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Osteoporosis and Arthritis:

Two Common but


Different Conditions

National Institutes of Health


Many people confuse osteoporosis and some types of arthritis.
Osteoporosis and Related This fact sheet discusses the similarities and differences between
Bone Diseases ~
National Resource Center these conditions.
2 AMS Circle
Bethesda, MD 20892–3676 Osteoporosis
Tel: 800–624–BONE or
202–223–0344 Osteoporosis is a condition in which the bones become less
Fax: 202–293–2356 dense and more likely to fracture. Osteoporosis is a major health
TTY: 202–466–4315
threat for an estimated 44 million Americans, 68 percent of
Internet: www.niams.nih.gov/bone
E-mail: NIAMSBoneInfo@ whom are women. In osteoporosis, there is a loss of bone tissue
mail.nih.gov that leaves bones less dense and more likely to fracture. It can
result in a loss of height, severe back pain, and change in one’s
The NIH Osteoporosis and Related
Bone Diseases ~ National Resource
posture. Osteoporosis can impair a person’s ability to walk and
Center is supported by the National can cause prolonged or permanent disability.
Institute of Arthritis and
Musculoskeletal and Skin Diseases
with contributions from the National Risk factors for developing osteoporosis include:
Institute on Aging, the Eunice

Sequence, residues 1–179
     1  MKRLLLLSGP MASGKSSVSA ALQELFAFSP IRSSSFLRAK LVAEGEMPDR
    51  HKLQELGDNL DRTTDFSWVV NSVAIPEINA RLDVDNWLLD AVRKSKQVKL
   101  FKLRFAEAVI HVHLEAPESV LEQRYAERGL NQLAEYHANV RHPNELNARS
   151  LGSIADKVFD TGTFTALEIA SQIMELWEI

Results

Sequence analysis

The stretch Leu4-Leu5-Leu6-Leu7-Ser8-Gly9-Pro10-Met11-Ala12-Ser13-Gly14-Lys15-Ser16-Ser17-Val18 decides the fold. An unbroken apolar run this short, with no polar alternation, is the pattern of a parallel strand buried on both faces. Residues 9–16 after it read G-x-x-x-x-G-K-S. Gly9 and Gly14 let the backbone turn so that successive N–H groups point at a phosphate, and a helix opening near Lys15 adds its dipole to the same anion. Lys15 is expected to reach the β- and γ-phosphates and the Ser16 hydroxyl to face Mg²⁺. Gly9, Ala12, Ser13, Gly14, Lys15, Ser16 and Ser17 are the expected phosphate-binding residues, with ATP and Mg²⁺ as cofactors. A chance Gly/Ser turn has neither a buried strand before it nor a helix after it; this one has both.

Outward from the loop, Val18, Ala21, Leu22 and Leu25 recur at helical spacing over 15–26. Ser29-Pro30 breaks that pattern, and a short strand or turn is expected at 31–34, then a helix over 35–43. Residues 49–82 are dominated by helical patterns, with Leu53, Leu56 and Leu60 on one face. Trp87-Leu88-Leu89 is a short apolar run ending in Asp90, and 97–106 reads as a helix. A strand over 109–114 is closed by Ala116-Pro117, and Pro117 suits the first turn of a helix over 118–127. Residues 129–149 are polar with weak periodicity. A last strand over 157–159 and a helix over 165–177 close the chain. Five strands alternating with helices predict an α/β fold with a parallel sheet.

Kennedy Shriver National Institute of • thinness or small frame
Child Health and Human
Development, the National Institute of • family history of the disease
Dental and Craniofacial Research, the • being postmenopausal and particularly having had early
National Institute of Diabetes and
Digestive and Kidney Diseases, the menopause
NIH Office of Research on Women’s
Health, and the HHS Office on
• abnormal absence of menstrual periods (amenorrhea)
Women’s Health. • prolonged use of certain medications, such as those used
to treat lupus, asthma, thyroid deficiencies, and seizures
The National Institutes of Health
(NIH) is a component of the U.S.
• low calcium intake
Department of Health and Human • lack of physical activity
• smoking
Services (HHS).

• excessive alcohol intake.

Osteoporosis is known as a silent disease because it can progress


undetected for many years without symptoms until a fracture
occurs. Osteoporosis is diagnosed by a bone mineral
density test, which is a safe and painless way to detect low bone
density.
Although there is no cure for the disease, the Food and Drug Administration has
approved several medications to prevent and treat osteoporosis. In addition, a diet
rich in calcium and vitamin D, regular weight-bearing exercise, and a healthy
lifestyle can prevent or lessen the effects of the disease.

Arthritis
Arthritis is a general term for conditions that affect the joints and surrounding
tissues. Joints are places in the body where bones come together, such as the
knees, wrists, fingers, toes, and hips. The two most common types of arthritis are
osteoarthritis and rheumatoid arthritis.
• Osteoarthritis (OA) is a painful, degenerative joint disease that often
involves the hips, knees, neck, lower back, or small joints of the hands. OA